2. It’s true that unfamiliarity with metric keeps many of us from using it, but that is not a reason to embrace it. We already have standardized units for science, industry, and trade, but that does not mean we need to extend those standardized units to every facet of our lives. We use the units of measurement which allow the clearest form of communication between two or more people. A football field is not a standard unit of measurement, but we routinely use “the length of a football field” as a way to describe distance.

    A standardized, static system of measurements dictated from the top-down leaves little room for improvisation and evolution. Imagine if we fixed the titles of occupations in the 1890s and dictated that you can only describe your occupation using one of those titles even today. Computer programmers and web designers would have a hard time trying to decide if they are an accomptant or an enumerator.

    Top-down systems imposed upon pre-existing cultures rarely work out well.

  3. I’m all for using appropriate measures for the appropriate thing…. but…. as someone who grew up in a 100% metric country, even though I understand imperial measurement and can switch inches to centimetres no problems at all, I find metric far more accurate (well, easier to be accurate with). So I suspect it’s horses for courses and whatever you’re familiar with, rather than suggesting that metric couldn’t work for props.

    Perhaps it’s a symptom of living in aforementioned metric country (Australia), but I’ve never seen a metric tape-measure WITHOUT an extended mark for the 5mm, and find that a much easier delineator than the plethora of marks that are there for all the part-inches on imperial tape measures. But again, whatever you’re comfortable with!

    What I really like about the metric system is that it is so easy to calculate across things. I know a cubic centrimetre of water is a gram and that linear/weight conversion has helped with a number of jobs in the past. (Perhaps there’s an imperial equivalent and I just don’t know!)

    Potayto, potahto, tomayto, tomahto – as long as the show doesn’t get called off!

    As always, I love the conversations/thoughts this blog provokes!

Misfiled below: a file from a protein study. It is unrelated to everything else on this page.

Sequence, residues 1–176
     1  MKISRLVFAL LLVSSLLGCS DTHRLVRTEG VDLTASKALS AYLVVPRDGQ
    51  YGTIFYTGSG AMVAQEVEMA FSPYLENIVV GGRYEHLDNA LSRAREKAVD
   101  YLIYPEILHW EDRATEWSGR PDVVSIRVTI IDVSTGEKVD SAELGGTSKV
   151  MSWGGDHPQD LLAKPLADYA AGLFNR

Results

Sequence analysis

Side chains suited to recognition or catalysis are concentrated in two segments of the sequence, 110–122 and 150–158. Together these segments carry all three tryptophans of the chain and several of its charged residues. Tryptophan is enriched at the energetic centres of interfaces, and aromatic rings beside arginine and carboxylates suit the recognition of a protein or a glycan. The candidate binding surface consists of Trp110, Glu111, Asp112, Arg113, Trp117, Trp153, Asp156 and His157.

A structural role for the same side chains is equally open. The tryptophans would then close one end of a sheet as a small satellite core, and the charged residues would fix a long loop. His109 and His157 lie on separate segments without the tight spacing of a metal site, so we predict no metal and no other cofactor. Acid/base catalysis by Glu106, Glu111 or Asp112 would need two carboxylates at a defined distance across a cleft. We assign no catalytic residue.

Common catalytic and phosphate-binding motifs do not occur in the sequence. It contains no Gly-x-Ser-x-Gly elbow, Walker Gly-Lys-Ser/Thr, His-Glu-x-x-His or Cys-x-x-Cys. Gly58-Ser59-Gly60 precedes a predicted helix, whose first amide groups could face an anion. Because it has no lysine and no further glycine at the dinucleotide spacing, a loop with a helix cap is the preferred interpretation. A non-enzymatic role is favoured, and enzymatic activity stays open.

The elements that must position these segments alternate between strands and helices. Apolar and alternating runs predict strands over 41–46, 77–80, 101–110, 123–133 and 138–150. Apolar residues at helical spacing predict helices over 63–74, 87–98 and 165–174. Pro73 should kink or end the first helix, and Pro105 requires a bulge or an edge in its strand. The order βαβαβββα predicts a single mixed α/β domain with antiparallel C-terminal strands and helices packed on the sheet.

4. “A pint’s a pound the world around!”

    That’s what I learned.

    I think my major point is that systems of measurement do not need to be so rigid and standardized. You can build props in Australia with metric and I can build props in the US with customary units, and neither of us are affected.

    Occasionally, you have to work on a co-production, transfer or tour from another country, and everyone on the production team has to convert all the drawings from one system of measurement to the other. But for me, those situations are rare, and the time it takes to convert units is nothing compared to the time I save by working in a system of measurements which are ingrained in my brain.

  5. I think the last major pushes fizzled out in the 90s. These days the push is more for voluntary use rather than with any specific legislation.

  6. Great piece – couldn’t agree more. I lived in Canada during the switch-over from imperial to metric. Even though I’m familiar with metric, I much prefer inches, feet and pounds.

  7. Interesting argument here. I grew up in Taiwan and I am used to centimeters and kilograms. It’s good for the mathematically minded. I think it works really well when we need to get a sense of scales. Whether you are going from millimeters to centimeters, meters, or kilometers, it’s always some kind of multiple of 10. Whereas if I am going from inches to feet, yards, and miles, I am multiplying by a factor of 12, 3, and so on. In that sense, it’s not all that intuitive to me. However, when I am making stuff, I sometimes do find it convenient to have this inch, half inch, quarter inch thing. And 12 (inches in a foot, hours in one revolution of the clock) is a number divisible by 2, 3, 4, 6, and 12 is a number good to use for dividing things up.

    Funny how you mentioned bytes, kilobytes, and megabytes. It actually has the properties of a little bit of both. (I am a computer programmer, by the way.) Every measurement in computer science are in powers of 2. A byte is 2^3 = 8 bits.
    1 kilobyte = 2^10 bytes = 1024 bytes
    1 megabyte = 2^10 kilobytes = 2^20 bytes = 1048576 bytes
    So, although we are using the words kilo and mega, we are talking about 1024, not 1000, and 1048576, not 1,000,000. So the units are different by a factor of precisely 2^10, but also roughly 10^3. So when we are not being that precise, pretending the units are different by a factor of 1000 is usually close enough. And of course, since it’s 2’s power for everything (since everything is just 0 and 1), it’s always easy to multiply and divide by 2 when we are using it to measure things.

Comments are closed.